Researchers at the University of California, San Francisco, havesynthesized a peptide that may aid in wound healing, bonerepair and artificial organ implantations.

The peptide, a 15-amino acid fragment of collagen called P-15,promotes cell migration and growth.

Rajendra S. Bhatnagar, Ph.D., director of the effort to find P-15,proposes that coating implants with P-15 will cause cells tomigrate into the implant and grow there. The problem now isthat cells are not recruited to the site of bone or tissue damage,he said.

"P-15 is possibly the first demonstration of a cell-bindingdomain other than the fibronectin RGD binding domain," saidBhatnagar. P-15 is about 6,000 times as potent as RGD inpromoting cell migration and growth, he said.

Bhatnagar, who described P-15 at last month's InternationalAssociation for Dental Research meeting in Acapulco, toldBioWorld that UCSF has filed patent applications covering thepeptide and its uses.

At least two companies in the Bay Area are interested in P-15,he said. Although Bhatnagar would not divulge their names, hesaid one is interested in using P-15 for wound repair and thesecond for dental applications.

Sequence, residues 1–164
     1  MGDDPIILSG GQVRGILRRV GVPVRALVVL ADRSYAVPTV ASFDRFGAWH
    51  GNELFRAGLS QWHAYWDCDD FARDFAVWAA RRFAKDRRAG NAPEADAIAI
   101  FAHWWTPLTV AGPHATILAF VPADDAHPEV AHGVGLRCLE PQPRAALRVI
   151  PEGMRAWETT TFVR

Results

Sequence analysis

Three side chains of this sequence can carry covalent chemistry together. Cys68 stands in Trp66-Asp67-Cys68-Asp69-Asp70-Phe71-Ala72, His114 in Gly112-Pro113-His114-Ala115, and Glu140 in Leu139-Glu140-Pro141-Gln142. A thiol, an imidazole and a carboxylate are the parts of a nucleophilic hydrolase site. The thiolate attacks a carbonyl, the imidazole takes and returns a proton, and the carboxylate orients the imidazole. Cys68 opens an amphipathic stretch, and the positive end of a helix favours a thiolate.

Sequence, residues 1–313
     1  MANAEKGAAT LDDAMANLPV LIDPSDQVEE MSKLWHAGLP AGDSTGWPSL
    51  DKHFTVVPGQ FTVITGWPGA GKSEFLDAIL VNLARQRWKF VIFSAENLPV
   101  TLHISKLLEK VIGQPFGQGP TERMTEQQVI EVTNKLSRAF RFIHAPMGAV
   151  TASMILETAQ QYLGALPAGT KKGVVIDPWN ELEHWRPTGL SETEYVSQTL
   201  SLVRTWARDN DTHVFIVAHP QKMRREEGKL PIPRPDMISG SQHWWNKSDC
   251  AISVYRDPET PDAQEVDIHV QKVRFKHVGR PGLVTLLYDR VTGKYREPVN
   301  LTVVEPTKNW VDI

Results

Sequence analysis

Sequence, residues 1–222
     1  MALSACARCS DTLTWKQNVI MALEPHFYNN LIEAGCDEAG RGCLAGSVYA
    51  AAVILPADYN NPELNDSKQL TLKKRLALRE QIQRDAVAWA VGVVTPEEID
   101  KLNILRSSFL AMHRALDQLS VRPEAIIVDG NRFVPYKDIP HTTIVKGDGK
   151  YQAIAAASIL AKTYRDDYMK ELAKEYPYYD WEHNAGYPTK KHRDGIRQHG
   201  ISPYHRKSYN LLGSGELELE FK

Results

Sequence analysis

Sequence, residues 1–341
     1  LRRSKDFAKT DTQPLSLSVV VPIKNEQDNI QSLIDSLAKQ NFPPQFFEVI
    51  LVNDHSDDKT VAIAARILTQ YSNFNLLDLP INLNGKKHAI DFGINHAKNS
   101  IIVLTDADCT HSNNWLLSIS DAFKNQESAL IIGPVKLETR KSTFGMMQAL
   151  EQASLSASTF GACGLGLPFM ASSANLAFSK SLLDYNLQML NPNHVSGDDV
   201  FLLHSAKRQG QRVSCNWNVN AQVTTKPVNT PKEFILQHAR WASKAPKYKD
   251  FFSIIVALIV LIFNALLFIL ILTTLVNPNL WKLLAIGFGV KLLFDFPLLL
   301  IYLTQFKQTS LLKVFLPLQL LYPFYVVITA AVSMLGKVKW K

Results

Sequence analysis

During normal repair, collagen binds to collagen receptors oncells, thereby triggering the cells to grow. When similar cellsare exposed to a gel coated with P-15, the cells migrate into thegel within 36 hours, said Bhatnagar. By 72 hours, the cells havegrown to fill the gel matrix.

Bhatnagar has begun a collaboration to test the efficacy of P-15as a wound-healing agent in sheep and is looking at morecompounds with P-15-like activity. Bhatnagar also plans todevelop P-15-like compounds that interact with collagenreceptors to block the migration and the growth of cancer cells.052291C0LLAGEN

-- Carol Talkington Verser, Ph.D. Special to BioWorld

(c) 1997 American Health Consultants. All rights reserved.

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